What is Energy?
When you hear this word, you probably think of it as the opposite of when you are tired. If you feel wide awake and able to do a lot of physical or mental activities, we say that we “have energy.” In fact, the term energy in science is described as the ability to do work or cause a change. That makes sense, actually, because if you have a lot of energy, you can definitely get some work done!
The very first energy source in existence was the sun, which provides energy through heat and light. The sun provides an immense amount of energy, which plants harness to grow and humans use to power their homes through solar panels on their roofs. Humans have used fire and wood for warmth and cooking and then wind energy to sail ships. Now we use coal, oil, and natural gas as our primary sources of energy, though we still get some energy from water, wind, and the sun. Some parts of the world use dung as a source of energy, while others rely heavily on nuclear energy.
Energy Throughout History
The word energy stems from the Greek terms “en-” and “ergon” which mean “in” and “work”, respectively. The Greek word for energy was therefore “enérgeia”, which eventually was adopted in French as “énergie” and then became a widely used word in many languages starting in the 16th century.
Scientists have accepted the notion of energy since the 1800s, when Gustave-Gaspard Coriolis described kinetic energy in 1829 and William Rankine invented the term “potential energy” in 1853. The general acceptance and understanding of these concepts was greatly influenced by famous scientists and engineers such as Sadi Carnot, after whom the well-known Carnot cycle is named, and James Prescott Joule, after whom the unit of energy (the Joule) is named. In the mid-1800s, Rudolf Clausius and William Thomson declared the first and second laws of thermodynamics. After the 1920s, the science of energy transformations eventually came to be called “thermodynamics”, which is now a major area of study in both chemistry and physics.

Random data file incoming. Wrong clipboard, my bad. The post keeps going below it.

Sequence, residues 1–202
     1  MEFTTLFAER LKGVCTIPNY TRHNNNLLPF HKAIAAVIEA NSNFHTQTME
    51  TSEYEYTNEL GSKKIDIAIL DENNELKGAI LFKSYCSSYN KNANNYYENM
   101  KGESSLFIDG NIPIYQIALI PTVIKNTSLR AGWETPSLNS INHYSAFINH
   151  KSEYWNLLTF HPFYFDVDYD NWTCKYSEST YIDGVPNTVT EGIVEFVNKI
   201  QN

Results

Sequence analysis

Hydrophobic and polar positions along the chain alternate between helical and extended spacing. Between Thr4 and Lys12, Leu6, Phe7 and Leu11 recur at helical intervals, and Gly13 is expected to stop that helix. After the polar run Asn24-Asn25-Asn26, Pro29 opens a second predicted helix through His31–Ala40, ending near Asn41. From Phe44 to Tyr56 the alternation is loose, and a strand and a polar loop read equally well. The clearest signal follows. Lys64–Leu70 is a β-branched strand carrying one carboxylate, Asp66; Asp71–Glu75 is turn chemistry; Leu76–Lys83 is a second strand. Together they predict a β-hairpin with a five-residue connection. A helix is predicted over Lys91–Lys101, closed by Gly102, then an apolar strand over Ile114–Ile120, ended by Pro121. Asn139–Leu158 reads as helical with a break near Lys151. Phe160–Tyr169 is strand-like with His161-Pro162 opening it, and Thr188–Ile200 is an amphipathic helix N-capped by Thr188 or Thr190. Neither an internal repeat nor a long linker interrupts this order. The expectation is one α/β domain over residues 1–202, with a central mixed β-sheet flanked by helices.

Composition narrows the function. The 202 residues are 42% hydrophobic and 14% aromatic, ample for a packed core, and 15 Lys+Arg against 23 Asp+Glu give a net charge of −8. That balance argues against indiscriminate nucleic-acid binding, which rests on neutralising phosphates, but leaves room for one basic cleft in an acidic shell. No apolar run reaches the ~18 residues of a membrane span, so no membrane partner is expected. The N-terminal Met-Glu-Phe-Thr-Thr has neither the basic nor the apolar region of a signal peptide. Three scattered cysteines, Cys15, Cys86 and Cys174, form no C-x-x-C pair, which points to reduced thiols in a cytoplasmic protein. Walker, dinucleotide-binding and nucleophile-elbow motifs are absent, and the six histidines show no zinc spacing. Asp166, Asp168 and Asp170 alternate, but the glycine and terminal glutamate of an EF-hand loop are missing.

Occurrence of Energy
In chemistry, energy is described as existing in three different forms: kinetic, thermal, and potential. According to the first law of thermodynamics, energy cannot be created or destroyed. It can only be changed or transformed from one form to another. This concept is known as the Law of Conservation of Energy. The universe already has all the energy it ever will have. Isn’t that fascinating?
Forms of energy
Kinetic energy is the energy of movement. When you walk or bike or ride in a car you have kinetic energy. In chemistry, kinetic energy can be seen in the movement of molecules. On a windy day, the gas molecules in the air have lots of kinetic energy, but even molecules that don’t seem to move that much, like molecules in solids, still have some kinetic energy. The atoms in a solid have kinetic energy because, even though you can’t see it with the naked eye, those molecules are always vibrating in place. You can’t touch a solid object and feel the vibrations of the atoms it is composed of, but scientists can use special techniques to prove that these vibrations do occur and that they occur due to kinetic and thermal energy.